Let’s Change School Food

Here is a recent blog I wrote for Peas of Mind terrific food company in San Francisco focused on healthy frozen foods that are not only nutritious, but delicious.

THANKS Peas of Mind for asking me to blog and for all the wonderful work you do to keep kids healthy.


Here is the link:




Here is the article:


We are thrilled about the changes happening to school food menus across the country, like the addition of Veggie Wedgies in place of the deep-fried standard!

At the same time, there are more improvements to be made, but what specifically is next? That is the big question. So we turned to our friend and pediatric dietitian, Melanie Silverman, to hear her opinion on the topic and tips on how to keep the momentum going. Here is what she had to say:


On December 13th, 2010 President Obama signed the Healthy Hunger-Free Kids Act. Believe it or not, there had not been a change in school nutrition standards in 15 years so we were long overdue for change. The gist of the bill is this:

  1. Schools will receive 6 cents more reimbursement per meal.
  2. Foods offered will have less sodium and fat and more fruits and vegetables.
  3. Policies will be made to help schools send consistent messages about healthy eating, which includes what is available in school vending machines and school stores.
  4. Processes for children who are eligible for school meals will be simplified.
  5. Farm-to-school pilot programs will be started.

Many say, and I do agree, the bill falls short in terms of reimbursement for meals. I have heard experts suggest that we need an additional dollar per meal to elevate school lunch to where it needs to be. Six cents is a long way from a dollar so what are we suppose to do to move the process along? When my clients complain to me about their kids’ school lunch programs I suggest this to them: get involved! 

Here is what we can do:

  1. Look at your kids’ school lunch menu. Ask your kids what the problems are and take notes.
  2. Talk to other families about their issues with the school lunch program and suggest changes. Start small. Simple changes like removing sugary drinks or changing white bread to wheat bread can make a big difference.
  3. Keep in mind, money is the issue so your challenge is to come up with cost conscious changes that the school districts can feasibly do.
  4. Contact the school administrators to set up an appointment to voice your concerns and offer suggestions.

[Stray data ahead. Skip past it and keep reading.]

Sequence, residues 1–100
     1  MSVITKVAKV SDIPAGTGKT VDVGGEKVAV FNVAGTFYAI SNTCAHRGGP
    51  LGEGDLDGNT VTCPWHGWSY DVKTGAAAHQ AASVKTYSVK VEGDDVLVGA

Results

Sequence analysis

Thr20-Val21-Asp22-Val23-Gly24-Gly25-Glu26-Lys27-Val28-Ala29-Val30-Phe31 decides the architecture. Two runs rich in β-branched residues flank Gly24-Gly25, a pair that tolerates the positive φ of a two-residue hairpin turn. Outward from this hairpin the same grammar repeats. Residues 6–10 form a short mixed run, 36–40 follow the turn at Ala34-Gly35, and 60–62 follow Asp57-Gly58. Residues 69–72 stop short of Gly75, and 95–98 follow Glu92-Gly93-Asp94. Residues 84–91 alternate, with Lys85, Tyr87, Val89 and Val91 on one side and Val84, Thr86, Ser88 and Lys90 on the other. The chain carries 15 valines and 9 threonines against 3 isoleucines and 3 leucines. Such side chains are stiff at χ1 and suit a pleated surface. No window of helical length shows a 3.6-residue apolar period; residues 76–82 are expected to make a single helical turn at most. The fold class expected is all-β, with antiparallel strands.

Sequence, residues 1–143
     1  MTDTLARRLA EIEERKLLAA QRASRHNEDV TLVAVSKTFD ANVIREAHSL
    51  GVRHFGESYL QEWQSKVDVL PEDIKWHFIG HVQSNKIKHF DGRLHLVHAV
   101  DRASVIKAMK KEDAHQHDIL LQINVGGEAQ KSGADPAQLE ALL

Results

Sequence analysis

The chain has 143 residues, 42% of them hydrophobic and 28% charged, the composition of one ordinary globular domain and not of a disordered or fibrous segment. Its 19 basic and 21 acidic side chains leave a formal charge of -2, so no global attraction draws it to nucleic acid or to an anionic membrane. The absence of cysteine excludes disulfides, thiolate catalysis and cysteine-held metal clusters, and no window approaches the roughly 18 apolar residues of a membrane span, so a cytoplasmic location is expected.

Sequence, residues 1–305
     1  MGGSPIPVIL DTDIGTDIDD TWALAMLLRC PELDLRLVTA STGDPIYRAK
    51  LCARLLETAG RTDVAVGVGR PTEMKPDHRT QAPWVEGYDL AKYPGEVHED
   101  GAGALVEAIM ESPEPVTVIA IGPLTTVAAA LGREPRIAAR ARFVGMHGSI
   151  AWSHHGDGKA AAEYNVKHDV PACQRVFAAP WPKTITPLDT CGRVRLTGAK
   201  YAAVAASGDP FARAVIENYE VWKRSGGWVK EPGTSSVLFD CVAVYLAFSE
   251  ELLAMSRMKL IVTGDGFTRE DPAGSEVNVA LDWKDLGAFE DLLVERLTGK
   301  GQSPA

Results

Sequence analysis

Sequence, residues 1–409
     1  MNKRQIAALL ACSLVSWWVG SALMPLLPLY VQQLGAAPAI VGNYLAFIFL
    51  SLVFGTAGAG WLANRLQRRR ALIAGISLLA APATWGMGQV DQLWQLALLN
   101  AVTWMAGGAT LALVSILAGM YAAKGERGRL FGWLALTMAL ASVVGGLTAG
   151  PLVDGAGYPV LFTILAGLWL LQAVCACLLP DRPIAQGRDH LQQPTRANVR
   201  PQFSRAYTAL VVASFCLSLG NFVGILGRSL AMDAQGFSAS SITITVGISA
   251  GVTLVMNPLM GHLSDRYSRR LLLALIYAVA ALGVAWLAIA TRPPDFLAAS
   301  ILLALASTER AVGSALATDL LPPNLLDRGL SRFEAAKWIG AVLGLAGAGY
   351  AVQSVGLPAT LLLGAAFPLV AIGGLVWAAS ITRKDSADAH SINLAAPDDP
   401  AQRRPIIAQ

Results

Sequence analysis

5.  Write your local papers and officials and let your voice be heard that you want change.


Recently, I heard an excellent idea from a local mom in my community. She suggested providing cut up fruit and vegetables trays on the tables for kids during lunch. The problem was the labor involved to cut those fruits and vegetables. Food service personnel are busy preparing meals and have little to no time to peel carrots and slice apples. A super savvy mom came up with the idea that school parents or community volunteers could come in and help with preparing the fruit and vegetable trays and labor would be free. This is the type of innovative thinking we need in school lunch.


I applaud the efforts in Congress passing the Healthy Hunger Free Kids Act, but we cannot sit back and wait for the six cents to become a dollar; we have to put our minds together now and make the change happen ourselves.


Melanie R. Silverman MS, RD, IBCLC is pediatric registered dietitian and lactation consultant in Laguna Beach, California. You can learn more about her private practice atwww.feedingphilosophies.com and what her feeding philosophies are at blog.feedingphilosophies.com

About Melanie Silverman

Melanie is a pediatric registered dietitian nutritionist (RD) and a board certified lactation consultant (IBCLC) working primarily in pediatric nutrition for well over 15 years. She spent seven years as a clinical dietitian at The University of Chicago Medical Center in the neonatal intensive care unit, pediatric intensive care unit, adult and pediatric burn units, and high risk pediatric follow-up clinic. She also served as an adjunct faculty member at Loyola University Chicago. Melanie has presented at state and national meetings for the American Society for Parenteral and Enteral Nutrition (ASPEN), March of Dimes, Prader-Willi California Foundation, Texas Prader-Willi Association, Oklahoma Prader Willi Syndrome Association, Foundation for Prader-Willi Research (FPWR) in the United States and Canada and the Prader-Willi Syndrome USA (PWSA). She worked hard for her Bachelor of Arts in Chemistry and Spanish from Indiana University and a Master’s degree in Clinical Nutrition from Rush-Presbyterian St. Luke’s Medical Center. A member of the Academy of Nutrition and Dietetics, California Dietetic Association, Pediatric Nutrition Practice Group, Women’s Health Group, Nutrition Entrepreneurs and an active member of the International Lactation Consultant Association.